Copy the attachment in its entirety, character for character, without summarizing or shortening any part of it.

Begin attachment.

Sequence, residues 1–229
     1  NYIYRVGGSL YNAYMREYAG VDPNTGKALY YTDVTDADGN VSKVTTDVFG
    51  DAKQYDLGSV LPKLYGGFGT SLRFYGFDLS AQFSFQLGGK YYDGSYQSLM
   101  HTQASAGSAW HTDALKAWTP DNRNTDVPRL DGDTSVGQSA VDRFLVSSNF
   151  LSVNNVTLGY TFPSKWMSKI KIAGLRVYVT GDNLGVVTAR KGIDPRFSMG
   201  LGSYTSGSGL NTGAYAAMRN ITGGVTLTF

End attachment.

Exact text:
Sequence, residues 1–229
     1  NYIYRVGGSL YNAYMREYAG VDPNTGKALY YTDVTDADGN VSKVTTDVFG
    51  DAKQYDLGSV LPKLYGGFGT SLRFYGFDLS AQFSFQLGGK YYDGSYQSLM
   101  HTQASAGSAW HTDALKAWTP DNRNTDVPRL DGDTSVGQSA VDRFLVSSNF
   151  LSVNNVTLGY TFPSKWMSKI KIAGLRVYVT GDNLGVVTAR KGIDPRFSMG
   201  LGSYTSGSGL NTGAYAAMRN ITGGVTLTF